Ignore Investors' Whole Foods Panic Attack


Whole Foods Market's quarterly results drove a stock price scramble downward last week. Wild theories about the organic grocer's long-term health circulated in financial headlines, and obviously spooked many investors.

Could the organic food market be reaching its saturation point? Is increasing competition from chains like Trader Joe's and Sprouts Farmers Market giving Whole Foods a mighty and permanent whack? Whole Foods' comps growth slowed... could it be... forever?

These are the kinds of thoughts that reflected a panicked attitude toward the organic grocer.

Competition and cannibalization
Investors seem to be particularly concerned about Whole Foods' admission that cannibalization and competition have slowed the company's current growth in same-store sales, an important piece of data in retail analysis.

However, Whole Foods has also been making pricing adjustments in order to compete more nimbly with rivals. In the quarterly conference call, management said price matches "significantly closed the gap against a major competitor." If there's increased competition, Whole Foods is on the move. Incidentally, while Trader Joe's is a major competitor, it's been around for a long while and hasn't exactly curtailed Whole Foods' growth in a significant way.

The fretting is ridiculous when one thinks about the quarter and the long term. Whole Foods' same-store sales increased by 5.9%, which is extremely high compared to the types of comps conventional grocers tend to report. On a two-year basis, comps increased by 14.5%. As has long been the case, Whole Foods' profit margins are among the highest in the business, which is renowned for skimpy margins.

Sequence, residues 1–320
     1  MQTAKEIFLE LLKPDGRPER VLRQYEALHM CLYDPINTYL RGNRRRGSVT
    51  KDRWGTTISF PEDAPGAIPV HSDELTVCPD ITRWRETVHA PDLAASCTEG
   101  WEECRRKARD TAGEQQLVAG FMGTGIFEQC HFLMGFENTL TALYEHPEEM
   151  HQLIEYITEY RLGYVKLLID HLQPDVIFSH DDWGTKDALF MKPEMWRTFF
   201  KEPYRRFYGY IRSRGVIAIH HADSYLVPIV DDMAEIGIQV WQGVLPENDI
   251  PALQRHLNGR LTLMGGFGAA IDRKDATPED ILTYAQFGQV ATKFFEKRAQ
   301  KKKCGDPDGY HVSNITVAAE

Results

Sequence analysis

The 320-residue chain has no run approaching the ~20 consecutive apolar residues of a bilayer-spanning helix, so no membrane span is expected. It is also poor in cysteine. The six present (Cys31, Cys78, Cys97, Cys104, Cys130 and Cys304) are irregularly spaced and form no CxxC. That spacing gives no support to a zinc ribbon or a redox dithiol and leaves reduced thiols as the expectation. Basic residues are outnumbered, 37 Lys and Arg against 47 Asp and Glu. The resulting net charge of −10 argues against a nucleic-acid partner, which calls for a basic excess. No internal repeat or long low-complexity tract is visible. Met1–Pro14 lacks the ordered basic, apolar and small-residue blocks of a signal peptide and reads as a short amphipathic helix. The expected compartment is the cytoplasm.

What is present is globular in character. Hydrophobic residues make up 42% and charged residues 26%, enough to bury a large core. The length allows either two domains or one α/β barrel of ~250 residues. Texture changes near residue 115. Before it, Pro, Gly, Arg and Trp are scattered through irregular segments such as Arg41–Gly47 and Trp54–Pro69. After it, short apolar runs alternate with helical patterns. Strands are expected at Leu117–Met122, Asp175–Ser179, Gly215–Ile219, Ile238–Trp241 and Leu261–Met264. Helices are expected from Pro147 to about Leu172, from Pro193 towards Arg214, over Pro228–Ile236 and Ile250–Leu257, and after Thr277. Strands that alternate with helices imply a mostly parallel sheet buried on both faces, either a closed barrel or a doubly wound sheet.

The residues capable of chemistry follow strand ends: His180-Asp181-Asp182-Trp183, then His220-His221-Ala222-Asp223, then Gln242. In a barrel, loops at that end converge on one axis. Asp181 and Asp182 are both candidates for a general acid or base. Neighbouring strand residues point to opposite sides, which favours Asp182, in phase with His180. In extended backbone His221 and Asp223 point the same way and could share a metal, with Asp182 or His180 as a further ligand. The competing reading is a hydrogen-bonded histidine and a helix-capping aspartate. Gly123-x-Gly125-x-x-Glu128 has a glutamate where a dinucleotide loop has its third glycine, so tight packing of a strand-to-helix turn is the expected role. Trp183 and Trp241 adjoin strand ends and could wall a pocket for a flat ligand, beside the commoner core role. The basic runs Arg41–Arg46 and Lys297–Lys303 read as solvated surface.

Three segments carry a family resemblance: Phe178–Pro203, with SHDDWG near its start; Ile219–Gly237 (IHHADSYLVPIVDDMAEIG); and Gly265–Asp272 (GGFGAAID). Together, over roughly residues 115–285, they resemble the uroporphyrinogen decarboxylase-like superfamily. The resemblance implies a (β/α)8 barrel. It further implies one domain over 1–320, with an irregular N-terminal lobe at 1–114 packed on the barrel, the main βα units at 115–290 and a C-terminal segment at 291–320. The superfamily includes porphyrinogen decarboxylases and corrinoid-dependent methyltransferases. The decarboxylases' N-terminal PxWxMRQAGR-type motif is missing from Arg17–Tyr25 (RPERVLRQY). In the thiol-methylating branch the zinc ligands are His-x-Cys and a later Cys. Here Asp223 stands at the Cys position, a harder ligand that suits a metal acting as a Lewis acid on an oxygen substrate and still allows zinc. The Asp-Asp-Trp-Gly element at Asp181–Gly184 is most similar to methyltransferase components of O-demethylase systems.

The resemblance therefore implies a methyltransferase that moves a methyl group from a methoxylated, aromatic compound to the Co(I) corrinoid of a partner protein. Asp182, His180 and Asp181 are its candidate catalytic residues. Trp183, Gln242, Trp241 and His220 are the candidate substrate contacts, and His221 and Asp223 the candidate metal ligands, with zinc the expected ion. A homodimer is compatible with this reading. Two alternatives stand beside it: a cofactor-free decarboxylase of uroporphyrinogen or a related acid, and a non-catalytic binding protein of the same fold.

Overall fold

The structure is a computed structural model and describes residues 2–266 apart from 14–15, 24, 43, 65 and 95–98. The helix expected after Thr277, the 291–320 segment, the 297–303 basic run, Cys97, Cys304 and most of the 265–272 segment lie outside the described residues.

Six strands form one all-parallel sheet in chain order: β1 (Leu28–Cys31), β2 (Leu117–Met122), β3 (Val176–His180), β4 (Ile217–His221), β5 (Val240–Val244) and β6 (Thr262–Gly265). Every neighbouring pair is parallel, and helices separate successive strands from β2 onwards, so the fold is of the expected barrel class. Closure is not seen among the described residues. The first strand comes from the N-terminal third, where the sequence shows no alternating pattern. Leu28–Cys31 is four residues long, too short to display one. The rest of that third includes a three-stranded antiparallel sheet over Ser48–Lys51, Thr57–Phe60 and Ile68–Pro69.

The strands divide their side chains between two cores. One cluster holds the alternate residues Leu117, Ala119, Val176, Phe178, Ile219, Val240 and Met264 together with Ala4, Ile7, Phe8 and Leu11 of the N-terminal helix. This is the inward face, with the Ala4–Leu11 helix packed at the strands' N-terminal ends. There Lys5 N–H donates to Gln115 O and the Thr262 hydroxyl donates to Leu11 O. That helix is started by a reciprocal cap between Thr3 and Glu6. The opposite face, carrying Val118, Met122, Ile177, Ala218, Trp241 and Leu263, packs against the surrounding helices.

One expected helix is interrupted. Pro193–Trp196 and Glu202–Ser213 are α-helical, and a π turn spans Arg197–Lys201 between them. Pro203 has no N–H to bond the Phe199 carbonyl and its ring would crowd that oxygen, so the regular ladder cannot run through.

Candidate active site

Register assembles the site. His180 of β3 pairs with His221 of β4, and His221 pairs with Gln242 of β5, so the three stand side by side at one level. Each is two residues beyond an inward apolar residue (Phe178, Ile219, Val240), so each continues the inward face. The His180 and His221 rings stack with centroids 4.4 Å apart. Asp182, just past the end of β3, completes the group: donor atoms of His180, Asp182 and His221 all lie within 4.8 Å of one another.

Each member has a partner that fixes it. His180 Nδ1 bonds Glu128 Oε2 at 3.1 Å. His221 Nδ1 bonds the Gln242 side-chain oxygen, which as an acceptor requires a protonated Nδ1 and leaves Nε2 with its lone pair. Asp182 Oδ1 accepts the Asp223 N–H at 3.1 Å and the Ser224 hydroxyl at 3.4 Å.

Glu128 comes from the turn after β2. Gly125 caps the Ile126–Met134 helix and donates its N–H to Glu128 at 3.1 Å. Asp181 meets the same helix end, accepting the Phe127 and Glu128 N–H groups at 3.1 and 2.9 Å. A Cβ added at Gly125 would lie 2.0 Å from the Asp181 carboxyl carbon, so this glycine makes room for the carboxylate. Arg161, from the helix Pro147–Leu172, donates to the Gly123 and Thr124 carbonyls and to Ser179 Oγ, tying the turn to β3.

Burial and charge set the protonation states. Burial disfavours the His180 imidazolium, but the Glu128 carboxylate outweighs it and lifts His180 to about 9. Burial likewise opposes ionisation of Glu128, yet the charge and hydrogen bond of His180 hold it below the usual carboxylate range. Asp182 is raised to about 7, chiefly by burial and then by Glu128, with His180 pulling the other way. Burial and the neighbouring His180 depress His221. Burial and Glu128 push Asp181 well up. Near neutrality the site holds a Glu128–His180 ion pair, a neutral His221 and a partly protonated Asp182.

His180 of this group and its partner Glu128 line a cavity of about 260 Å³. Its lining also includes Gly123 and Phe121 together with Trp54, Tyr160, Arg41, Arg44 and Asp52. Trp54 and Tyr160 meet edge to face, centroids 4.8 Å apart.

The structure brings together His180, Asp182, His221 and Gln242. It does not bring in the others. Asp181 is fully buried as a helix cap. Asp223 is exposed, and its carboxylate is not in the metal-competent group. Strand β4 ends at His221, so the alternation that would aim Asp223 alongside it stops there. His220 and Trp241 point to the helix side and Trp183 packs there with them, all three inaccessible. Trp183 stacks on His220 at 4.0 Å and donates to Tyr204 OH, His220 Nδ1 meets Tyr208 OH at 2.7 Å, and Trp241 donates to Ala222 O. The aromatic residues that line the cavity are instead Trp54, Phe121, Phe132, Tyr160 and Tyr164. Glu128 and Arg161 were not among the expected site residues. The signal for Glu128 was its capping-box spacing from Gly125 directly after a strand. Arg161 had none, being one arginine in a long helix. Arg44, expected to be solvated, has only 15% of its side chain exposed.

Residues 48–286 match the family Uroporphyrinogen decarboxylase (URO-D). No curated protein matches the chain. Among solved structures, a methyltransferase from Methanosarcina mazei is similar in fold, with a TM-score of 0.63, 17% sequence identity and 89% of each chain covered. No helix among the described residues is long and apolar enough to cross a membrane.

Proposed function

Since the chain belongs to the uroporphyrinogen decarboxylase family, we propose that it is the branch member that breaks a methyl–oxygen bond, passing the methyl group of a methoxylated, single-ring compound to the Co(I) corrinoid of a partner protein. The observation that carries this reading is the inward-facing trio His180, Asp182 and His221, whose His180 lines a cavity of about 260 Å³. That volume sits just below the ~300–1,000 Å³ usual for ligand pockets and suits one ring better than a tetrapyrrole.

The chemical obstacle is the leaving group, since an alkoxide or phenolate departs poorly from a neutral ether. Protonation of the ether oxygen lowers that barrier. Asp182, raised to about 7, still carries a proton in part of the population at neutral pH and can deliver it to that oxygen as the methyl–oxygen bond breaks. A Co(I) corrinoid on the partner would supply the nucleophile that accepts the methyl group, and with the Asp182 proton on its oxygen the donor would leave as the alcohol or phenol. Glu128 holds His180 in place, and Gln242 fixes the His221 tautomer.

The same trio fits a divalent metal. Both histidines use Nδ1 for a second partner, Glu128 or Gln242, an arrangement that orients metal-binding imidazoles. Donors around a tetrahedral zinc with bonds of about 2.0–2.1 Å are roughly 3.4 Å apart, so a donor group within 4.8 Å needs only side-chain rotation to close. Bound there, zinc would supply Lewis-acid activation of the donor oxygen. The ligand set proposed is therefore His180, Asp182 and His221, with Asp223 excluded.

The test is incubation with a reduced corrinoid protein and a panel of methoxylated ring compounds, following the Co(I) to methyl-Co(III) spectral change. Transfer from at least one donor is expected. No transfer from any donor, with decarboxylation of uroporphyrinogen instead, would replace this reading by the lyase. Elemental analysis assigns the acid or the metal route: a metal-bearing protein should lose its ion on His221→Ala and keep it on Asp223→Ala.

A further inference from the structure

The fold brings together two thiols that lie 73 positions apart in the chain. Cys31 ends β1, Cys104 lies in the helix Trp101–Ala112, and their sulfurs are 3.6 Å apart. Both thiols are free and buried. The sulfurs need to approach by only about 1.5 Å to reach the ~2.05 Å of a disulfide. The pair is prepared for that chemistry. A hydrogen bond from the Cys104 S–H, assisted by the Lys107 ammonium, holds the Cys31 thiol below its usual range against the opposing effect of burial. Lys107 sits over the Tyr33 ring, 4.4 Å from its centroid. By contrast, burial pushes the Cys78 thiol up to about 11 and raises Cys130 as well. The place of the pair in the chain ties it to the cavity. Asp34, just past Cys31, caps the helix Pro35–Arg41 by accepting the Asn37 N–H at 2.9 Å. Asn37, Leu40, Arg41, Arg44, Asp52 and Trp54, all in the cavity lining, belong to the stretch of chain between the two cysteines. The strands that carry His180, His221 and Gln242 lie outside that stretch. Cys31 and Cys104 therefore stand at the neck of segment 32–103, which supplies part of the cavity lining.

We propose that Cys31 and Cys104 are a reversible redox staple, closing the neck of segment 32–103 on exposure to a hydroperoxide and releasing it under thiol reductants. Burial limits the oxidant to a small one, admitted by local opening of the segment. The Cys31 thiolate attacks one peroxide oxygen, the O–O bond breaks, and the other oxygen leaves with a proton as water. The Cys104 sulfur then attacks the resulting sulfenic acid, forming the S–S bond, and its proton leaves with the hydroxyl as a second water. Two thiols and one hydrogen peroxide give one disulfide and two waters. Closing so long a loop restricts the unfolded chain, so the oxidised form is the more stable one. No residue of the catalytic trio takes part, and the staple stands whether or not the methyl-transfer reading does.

Competition spooks investors
Many investors viewed recent IPO Sprouts Farmers Market as a major contender, reaching its tendrils into Whole Foods' business. However, Sprouts just doesn't appear to have the kind of true innovation necessary in the organic and natural food space. Is it disrupting anything in a big way? It's a factor to ponder.

Sprouts' stock surged right out of the gate when it started trading in August. The Phoenix-based chain last week also reported a positive quarterly earnings report that beat analysts' expectations.

However, in a sour aside, insiders are offering 22.5 million shares for sale. IPOs can often be more lucrative for insiders and institutional investors who sell after a post-IPO surge. Although cashing out some shares proves that insiders do desire cash, there's also the argument that it doesn't necessarily lend a great feeling of confidence for regular investors who jumped on immediately after a particularly euphoric IPO.

Sprouts' IPO filing didn't exactly indicate a business with huge differentiation. Is it really competing on forward-looking environmental and social measures? Simply offering organic and natural foods at lower prices may steal some business from Whole Foods. However, it will probably poach more from conventional grocers like Safeway and Kroger, both of which have tried to add organic sections to stores, but still haven't nailed the true soul of more socially conscious eating.

Major disruptive differentiation